families used only the data available from GBIF and could be assessed if greater time were
available for this task.
The “Area (km
)” column in the tables was calculated from the number of 10 km by 10 km
understate or overstate the true area occupied by a species.
In some instances species with fewer than 30 records in the ANHAT database is an artefact
of taxonomic and nomenclatural changes that have not been updated in ANHAT.
Information on distribution or vegetation type for some species with greater than 30 records
was not available in the websites due to these changes. A taxonomic and nomenclatural
review of the records held in ANHAT would remove some of these records from the report
or could change the tables in which they are recorded.
Coastal heath lands in
Sub Alpine Herbfield
Wet areas (swamps,
threatened status codes.
not listed under the EPBC Act
E longitude in the east and 30
latitude in the south and 20
S latitude in the north.
E longitude) in the east and 30
S in the north.
S latitude in the south and Northern
S latitude in the north and by 120
longitude in the west, 30
S latitude in the south and by
Northern Territory/Western Australian border (approx
E longitude) in the east.
Bound by Northern Territory/Western Australian border
E longitude) in the west, 141
longitude in the east (in line with NSW/South
S latitude in the
in the east (NSW/South Australian border) in the east,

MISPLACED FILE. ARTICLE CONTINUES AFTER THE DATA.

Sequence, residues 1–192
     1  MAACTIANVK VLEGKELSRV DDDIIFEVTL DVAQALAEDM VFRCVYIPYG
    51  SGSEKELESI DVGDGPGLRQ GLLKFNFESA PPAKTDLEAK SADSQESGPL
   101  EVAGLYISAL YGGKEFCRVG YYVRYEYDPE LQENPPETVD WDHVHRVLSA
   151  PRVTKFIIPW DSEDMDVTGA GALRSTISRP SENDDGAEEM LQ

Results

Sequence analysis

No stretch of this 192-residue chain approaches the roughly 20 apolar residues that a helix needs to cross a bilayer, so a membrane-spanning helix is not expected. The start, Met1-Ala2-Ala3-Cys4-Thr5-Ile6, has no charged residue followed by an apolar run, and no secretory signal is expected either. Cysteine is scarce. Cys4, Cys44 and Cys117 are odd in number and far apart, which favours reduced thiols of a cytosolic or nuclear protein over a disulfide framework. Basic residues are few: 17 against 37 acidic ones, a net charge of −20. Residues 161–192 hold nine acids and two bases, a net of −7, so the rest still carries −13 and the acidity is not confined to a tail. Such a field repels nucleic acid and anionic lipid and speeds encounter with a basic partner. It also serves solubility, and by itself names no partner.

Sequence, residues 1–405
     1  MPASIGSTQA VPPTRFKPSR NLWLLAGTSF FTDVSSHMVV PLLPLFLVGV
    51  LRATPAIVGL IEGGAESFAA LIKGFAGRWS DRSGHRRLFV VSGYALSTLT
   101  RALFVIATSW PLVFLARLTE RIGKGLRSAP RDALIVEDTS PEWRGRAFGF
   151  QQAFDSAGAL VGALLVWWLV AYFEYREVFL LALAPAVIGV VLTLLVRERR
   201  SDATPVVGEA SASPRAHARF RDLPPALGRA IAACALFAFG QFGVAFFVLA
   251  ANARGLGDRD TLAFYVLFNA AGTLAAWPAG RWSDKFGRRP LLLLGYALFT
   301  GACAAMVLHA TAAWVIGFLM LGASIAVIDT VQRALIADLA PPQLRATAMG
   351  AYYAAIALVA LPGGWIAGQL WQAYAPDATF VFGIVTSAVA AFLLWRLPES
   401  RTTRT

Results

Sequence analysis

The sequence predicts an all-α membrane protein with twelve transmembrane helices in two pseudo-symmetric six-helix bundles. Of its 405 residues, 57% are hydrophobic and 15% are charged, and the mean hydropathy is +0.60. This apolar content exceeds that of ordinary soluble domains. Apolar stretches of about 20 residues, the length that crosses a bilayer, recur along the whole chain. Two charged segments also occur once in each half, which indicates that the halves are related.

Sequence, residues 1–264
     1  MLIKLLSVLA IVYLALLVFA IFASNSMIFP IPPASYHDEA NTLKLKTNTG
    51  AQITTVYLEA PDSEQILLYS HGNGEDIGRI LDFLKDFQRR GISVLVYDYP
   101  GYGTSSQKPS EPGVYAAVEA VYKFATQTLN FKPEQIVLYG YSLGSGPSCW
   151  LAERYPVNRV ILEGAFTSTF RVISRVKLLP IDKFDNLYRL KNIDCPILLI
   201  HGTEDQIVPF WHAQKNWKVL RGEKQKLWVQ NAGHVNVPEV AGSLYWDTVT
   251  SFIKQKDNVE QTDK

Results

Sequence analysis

S latitude in the north and 30
S latitude in
in the east (NSW/South Australian border) in the east
S latitude in the south.
E longitude in the west (in line with
E longitude in the west and 20
latitude in the north and 34
S latitude (approx Sydney)
in the south.
E longitude in
S latitude in the north and 34
latitude (approx Sydney) in the south.
Bound by 141
E longitude in the west
The findings obtained for each of the 50 most speciose vascular plant families in
Australia are presented separately.
The ANHAT database has 786448 records for 2253 species and subspecies of
Myrtaceae. Due to time limitations, review of taxonomic and nomenclatural changes
of the species in ANHAT was not performed.
One species of Myrtaceae is considered extinct and therefore excluded from analysis.
This species is presented in Table 6.
One hundred and forty-six species account for approximately 50% of the total species
and, in the case of the Messmate (Eucalyptus obliqua), over 13000 records.
records in ANHAT.
ANHAT database (Table 8). Of those species, 45 are listed as threatened (including
25 species classified as endangered). These species have been excluded from analysis
but are included here for reference. This paucity of records means that it is not
possible to provide accurate broad locations for some of the species. The species with
information available are spread across Australia, however, there is an indication that
a species in this category is more likely to be found in Western Australia than other
parts of Australia. In addition, and not surprisingly, these species tend to have only
small recorded distributional areas, mostly less than 1000 km
. Exclusion of these